METABONOMICS a generic platform for the investigation of drug toxicity, altered gene function and disease processes. Summer 04
Minimising ‘attrition’ is one of the most important aims of a drug discovery and development programme, and the application of novel technologies that increase the probability of making the right choice early saves resources, and promotes safety, efficacy and profitability in the pharmaceutical industry. Metabonomics is a metabolic systems approach that is complementary to genomics and proteomics, which allows the characterisation of metabolic disease processes, genetic modifications and drug toxicity.
In particular, metabonomics is focused on the study of altered whole organism metabolic control and homeostasis in complex systems where there are many interacting cell types performing different biochemical functions at the same time. Because of the integrative nature of the approach, metabonomics can add significant value to conventionally derived information on drug utility at several stages in the discovery and development process where complex system function needs to be understood1,2. Studying the effects of drugs on whole organisms by metabonomics, relies on multiparametric measurement of alterations in metabolism to a stressor or intervention. This and related metabolomic approaches can also be readily adapted to investigate the functional consequences of genetic modification6-8, which is potentially of great importance in the creation and validation of new models of human disease and efficacy. Thus, there is considerable scope for the application of metabonomic approaches within the pharmaceutical industry from discovery through clinical development and beyond specifically in the following areas:
Potential discovery applications
? Early in vivo toxicological testing and screening based on mechanisms.
? Lead compound selection and pre-lead prioritisation.
? In vivo efficacy screening in animal models.
Potential development applications
? Discovery of novel preclinical safety biomarkers and mechanisms.
? Metabolic validation of animal models against human disease profiles.
? Novel clinical safety and efficacy biomarker discovery.
? Pharmaco-metabonomic profiling to understand metabolic bases for adverse drug reactions.
The role of metabolic studies in understanding functional integrity of the whole organism
Knowing the genome sequence of humans or other species does not of itself explain the fundamental nature of most disease processes, and there is much interest in approaches that relate gene expression to phenotypic outcome. Several technologies are being developed to achieve this end, viz:
? Genetic complement and gene expression (genomics and transcriptomics).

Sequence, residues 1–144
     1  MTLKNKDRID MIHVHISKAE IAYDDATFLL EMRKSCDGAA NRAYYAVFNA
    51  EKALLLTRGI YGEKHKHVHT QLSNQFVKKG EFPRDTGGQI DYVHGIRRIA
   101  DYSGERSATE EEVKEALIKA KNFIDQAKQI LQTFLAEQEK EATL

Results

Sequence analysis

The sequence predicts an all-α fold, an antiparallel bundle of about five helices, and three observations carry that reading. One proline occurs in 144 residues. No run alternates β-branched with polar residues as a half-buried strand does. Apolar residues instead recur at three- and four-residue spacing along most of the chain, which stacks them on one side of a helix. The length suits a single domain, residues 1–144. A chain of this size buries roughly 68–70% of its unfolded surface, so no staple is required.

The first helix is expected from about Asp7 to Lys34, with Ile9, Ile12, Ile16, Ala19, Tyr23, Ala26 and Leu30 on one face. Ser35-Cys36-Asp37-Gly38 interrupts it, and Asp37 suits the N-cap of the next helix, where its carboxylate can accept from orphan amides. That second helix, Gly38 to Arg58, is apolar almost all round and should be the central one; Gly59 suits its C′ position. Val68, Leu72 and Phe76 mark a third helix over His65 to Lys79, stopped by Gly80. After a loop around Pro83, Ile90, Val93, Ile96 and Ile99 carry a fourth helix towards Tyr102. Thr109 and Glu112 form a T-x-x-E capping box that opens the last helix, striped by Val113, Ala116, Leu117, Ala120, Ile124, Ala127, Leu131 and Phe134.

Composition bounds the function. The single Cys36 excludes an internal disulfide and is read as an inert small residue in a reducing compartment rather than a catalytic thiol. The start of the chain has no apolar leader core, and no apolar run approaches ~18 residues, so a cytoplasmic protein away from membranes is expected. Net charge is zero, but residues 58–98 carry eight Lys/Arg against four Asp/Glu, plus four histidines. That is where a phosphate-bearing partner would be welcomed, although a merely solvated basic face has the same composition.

? Protein synthesis and cell signalling (proteomics).
? Metabolic regulation of cellular systems and multivariate measurement and modelling of multivariate metabolic profiles (metabolomics).
? Systemic metabolic control and its disruption and physiological regulation in complex multicellularorganisms (metabonomics).
In complex organisms, these features represent interdependent levels of biomolecular organisation and control which are also impacted by environmental events and stressors throughout life5. Some of the main relationships between the various levels of biomolecular organisation and the interactions between gene-proteins-metabolites and environmental factors that need to be studied to understand the whole organism and drug intervention are summarised in Figure 1. Note that there are many cell types interacting in mammals and their functional state is linked together by metabolic axes that communicate through the body fluids and that metabolic regulation of the whole system is dispersed in space and time. The characterisation of the different levels of system activity, by appropriate analytical methods, describes changes in biological activity as complex multivariate data sets that can be analysed using a variety of chemometric and bioinformatic tools3. The aim of such procedures is to extract latent biochemical information that is of diagnostic or prognostic value, and reflects actual biological events rather than potentials for disease offered by gene expression and proteomic data collected after exposure to a drug or stressor. It is thus necessary to relate real world or end-point observations to the measurements provided by the ‘-omics technologies’ (Figure 2) but modelling this is complicated by the time-displacement of many of the distributed interactions. This enables the understanding of the relationships between the inputs that change omics responses and the outputs of those responses. Metabolic changes are real-world endpoints in their own right, whereas gene expression changes are not, merely giving the potential for an end-point change3. As such, metabonomics provides a useful practical connection between the other omics platforms and the real pathological end-points.